STORY: "Patz Suspect’s Family Recalls Odd Behavior by a Reserved, Troubled Man," by reporters Rick Rojas and Kate Pastordek, published by The New York Times on December 12, 2106.
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GIST: "He demanded that his daughter hold his hand as she crossed the street, even though she was a teenager. He could be stubborn and taciturn and strict with his rules. He warned his daughter about a dark world — one in which there “were no good people.” The woman, Becky Hernandez, said with resignation that she had come to learn that her father, Pedro Hernandez, was a peculiar man. He told her about visions of an angelic “lady in white” and demons that choked him, and she remembered him watering a dead tree branch, thinking it would grow. “It was just my dad,” Ms. Hernandez, 27, testified on Monday in State Supreme Court in Manhattan, where her father is on trial on charges of killing and kidnapping Etan Patz, a 6-year-old boy who disappeared on the walk to his school bus stop in the SoHo neighborhood of Manhattan in 1979. The defense started laying out its arguments last week by hammering away at the credibility of Mr. Hernandez, whose own words, in admissions made to investigators, are the heart of the prosecution’s case. Mr. Hernandez’s lawyers have sought to portray their client as having limited intelligence and difficulty distinguishing between fantasy and reality, as well as with making friends. They argue that Mr. Hernandez, 55, has schizotypal personality disorder, which can include symptoms such as severe social anxiety, paranoia and odd beliefs. Dr. Michael First, a psychiatrist, testified that Mr. Hernandez showed signs of paranoia when he covered up windows and said he was being watched through the cracks in the ceiling of his jail cell. Dr. First said Mr. Hernandez’s lack of close friendships and his stoic demeanor were also indications of the disorder. Mr. Hernandez’s lawyers showed video of Mr. Hernandez, taken from a psychiatric interview in 2014 while he was in jail, in which he describes his visions, like black shapes moving around his room at night. In one moment, his eyes darted nervously around the room. Prosecutors have countered that Mr. Hernandez was malingering — feigning symptoms in order to avoid being convicted of killing Etan — and said that even if he had the disorder, it did not mean his confessions were false. At one point during a lengthy cross-examination, Joel Seidemann, a prosecutor, asked if Mr. Hernandez could have knowingly created the characters that he claimed he saw with Etan in the basement of the bodega where he worked when the boy went missing. Dr. First said it was “a possibility.” Yet, Dr. First added, “he could also be imagining or making up the fact that he strangled Etan Patz.” Dr. First said he had ruled out the possibility Mr. Hernandez was malingering in part because Mr. Hernandez had shown signs of the disorder before his arrest in 2012."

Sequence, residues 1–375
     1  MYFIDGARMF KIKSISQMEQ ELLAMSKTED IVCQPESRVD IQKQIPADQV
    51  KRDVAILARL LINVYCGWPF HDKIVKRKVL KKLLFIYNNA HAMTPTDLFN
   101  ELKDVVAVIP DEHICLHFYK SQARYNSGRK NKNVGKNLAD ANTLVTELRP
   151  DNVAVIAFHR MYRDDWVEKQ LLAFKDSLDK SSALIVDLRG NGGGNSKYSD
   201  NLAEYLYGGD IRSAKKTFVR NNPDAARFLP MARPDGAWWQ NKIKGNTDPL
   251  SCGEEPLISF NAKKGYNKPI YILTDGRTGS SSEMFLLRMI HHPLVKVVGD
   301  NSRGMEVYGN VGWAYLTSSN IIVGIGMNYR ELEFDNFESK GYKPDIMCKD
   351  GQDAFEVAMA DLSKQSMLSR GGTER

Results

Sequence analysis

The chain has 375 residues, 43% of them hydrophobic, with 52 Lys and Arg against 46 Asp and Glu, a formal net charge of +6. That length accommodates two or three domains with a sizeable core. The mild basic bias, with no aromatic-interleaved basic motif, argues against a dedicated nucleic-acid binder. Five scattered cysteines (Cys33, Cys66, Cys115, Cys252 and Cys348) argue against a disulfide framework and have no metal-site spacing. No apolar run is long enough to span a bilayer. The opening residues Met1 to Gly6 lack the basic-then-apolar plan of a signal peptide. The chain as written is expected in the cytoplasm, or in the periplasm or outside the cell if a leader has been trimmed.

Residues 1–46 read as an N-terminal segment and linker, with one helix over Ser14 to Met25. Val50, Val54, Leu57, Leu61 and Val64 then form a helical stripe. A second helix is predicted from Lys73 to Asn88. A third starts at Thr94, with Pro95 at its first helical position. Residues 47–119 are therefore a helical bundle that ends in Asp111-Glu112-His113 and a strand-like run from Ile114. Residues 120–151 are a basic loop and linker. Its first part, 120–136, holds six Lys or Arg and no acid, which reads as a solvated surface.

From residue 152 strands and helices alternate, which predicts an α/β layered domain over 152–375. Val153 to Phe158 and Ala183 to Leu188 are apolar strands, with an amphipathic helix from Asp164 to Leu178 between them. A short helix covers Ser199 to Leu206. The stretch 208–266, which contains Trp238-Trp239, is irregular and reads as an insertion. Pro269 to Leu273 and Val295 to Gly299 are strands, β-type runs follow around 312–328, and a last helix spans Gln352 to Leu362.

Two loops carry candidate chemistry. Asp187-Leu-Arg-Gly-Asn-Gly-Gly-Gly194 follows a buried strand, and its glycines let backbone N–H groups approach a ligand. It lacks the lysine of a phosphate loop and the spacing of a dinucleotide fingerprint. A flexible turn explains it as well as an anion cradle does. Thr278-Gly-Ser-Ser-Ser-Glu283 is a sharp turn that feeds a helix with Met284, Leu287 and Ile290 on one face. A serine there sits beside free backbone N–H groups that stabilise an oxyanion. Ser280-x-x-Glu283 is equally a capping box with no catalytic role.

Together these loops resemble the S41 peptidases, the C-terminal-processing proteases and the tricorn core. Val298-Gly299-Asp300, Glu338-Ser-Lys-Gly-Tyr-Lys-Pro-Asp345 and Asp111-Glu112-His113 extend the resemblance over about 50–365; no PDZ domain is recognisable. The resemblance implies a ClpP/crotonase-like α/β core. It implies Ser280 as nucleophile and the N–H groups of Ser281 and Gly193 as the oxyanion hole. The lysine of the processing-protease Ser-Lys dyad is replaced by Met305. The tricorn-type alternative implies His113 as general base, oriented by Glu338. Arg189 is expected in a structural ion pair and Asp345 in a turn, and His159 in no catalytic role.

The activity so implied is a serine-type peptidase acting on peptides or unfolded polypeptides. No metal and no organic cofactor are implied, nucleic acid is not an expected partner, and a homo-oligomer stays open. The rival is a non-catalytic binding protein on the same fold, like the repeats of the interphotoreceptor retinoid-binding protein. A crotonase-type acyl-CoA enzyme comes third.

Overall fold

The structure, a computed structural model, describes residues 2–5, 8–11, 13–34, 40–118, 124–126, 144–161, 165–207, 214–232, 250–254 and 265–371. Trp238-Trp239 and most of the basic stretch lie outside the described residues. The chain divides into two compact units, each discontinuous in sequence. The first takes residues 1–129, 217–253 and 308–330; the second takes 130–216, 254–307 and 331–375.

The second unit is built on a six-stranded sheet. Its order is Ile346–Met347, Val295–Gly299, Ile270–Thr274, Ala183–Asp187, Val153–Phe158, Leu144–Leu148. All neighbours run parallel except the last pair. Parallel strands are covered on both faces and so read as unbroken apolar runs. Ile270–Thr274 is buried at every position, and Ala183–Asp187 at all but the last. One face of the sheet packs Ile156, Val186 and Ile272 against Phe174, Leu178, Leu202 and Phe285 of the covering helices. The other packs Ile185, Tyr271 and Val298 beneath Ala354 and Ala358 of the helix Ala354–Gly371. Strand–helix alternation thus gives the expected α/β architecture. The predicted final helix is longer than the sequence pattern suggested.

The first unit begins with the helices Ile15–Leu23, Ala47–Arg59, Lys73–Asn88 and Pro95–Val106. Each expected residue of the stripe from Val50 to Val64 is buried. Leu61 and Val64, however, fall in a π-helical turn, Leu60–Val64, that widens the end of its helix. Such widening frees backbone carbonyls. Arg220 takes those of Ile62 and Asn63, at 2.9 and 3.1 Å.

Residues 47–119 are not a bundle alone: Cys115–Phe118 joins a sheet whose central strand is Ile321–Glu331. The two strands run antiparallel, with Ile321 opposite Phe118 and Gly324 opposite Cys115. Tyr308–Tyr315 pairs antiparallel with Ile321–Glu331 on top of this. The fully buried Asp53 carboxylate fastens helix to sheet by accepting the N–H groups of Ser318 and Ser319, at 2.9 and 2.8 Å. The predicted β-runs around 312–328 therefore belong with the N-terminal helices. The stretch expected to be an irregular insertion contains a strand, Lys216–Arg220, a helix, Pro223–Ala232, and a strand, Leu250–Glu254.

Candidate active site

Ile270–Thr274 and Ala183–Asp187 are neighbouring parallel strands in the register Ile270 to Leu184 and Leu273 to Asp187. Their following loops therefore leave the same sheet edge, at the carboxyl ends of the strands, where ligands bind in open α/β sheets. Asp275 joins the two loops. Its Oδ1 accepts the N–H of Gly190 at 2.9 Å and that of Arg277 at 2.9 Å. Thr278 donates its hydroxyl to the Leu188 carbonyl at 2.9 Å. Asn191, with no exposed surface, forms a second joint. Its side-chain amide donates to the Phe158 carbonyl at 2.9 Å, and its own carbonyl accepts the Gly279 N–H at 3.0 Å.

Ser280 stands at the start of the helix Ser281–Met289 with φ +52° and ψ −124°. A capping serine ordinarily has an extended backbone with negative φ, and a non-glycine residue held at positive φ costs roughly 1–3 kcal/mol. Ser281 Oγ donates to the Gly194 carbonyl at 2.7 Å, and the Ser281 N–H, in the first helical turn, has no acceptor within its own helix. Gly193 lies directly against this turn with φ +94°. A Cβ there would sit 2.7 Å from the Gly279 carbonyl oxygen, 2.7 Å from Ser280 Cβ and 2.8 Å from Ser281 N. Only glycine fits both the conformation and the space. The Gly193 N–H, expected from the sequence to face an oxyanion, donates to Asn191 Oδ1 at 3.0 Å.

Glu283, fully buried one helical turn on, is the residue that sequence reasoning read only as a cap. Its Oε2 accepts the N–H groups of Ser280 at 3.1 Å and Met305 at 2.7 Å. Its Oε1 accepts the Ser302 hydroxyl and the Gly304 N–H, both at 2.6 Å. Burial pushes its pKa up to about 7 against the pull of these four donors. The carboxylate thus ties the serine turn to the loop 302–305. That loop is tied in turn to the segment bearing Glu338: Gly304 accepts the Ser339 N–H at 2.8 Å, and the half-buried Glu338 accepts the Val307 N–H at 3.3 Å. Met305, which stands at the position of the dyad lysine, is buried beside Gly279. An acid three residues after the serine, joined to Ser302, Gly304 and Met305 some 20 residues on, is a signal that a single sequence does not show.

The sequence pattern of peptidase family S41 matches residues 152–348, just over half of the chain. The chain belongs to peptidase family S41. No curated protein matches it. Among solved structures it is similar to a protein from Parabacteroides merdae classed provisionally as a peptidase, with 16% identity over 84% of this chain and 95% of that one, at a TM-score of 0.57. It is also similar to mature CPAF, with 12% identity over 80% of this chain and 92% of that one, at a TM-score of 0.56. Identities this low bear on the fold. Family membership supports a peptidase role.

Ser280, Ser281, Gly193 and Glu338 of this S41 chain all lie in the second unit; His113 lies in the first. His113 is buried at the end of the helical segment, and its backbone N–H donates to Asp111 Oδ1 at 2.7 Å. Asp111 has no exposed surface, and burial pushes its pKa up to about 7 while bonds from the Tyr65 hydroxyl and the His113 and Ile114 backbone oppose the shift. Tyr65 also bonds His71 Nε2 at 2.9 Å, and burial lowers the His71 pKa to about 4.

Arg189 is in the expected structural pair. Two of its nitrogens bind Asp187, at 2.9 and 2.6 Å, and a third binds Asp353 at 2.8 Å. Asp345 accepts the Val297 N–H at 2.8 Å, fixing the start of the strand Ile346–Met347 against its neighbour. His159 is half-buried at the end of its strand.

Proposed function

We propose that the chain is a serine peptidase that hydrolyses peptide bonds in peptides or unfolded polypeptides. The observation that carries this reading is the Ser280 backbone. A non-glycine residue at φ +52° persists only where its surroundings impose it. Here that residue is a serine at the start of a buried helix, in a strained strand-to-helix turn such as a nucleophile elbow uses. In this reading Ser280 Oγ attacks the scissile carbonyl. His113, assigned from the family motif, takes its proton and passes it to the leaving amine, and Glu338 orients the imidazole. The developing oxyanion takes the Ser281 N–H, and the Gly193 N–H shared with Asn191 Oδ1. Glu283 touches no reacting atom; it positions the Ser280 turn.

The entire story can be found at:
PUBLISHER'S NOTE: I am monitoring this case/issue. Keep your eye on the Charles Smith Blog for reports on developments. The Toronto Star, my previous employer for more than twenty incredible years, has put considerable effort into exposing the harm caused by Dr. Charles Smith and his protectors - and into pushing for reform of Ontario's forensic pediatric pathology system. The Star has a "topic" section which focuses on recent stories related to Dr. Charles Smith. It can be found at: http://www.thestar.com/topic/
Harold Levy. Publisher; The Charles Smith Blog.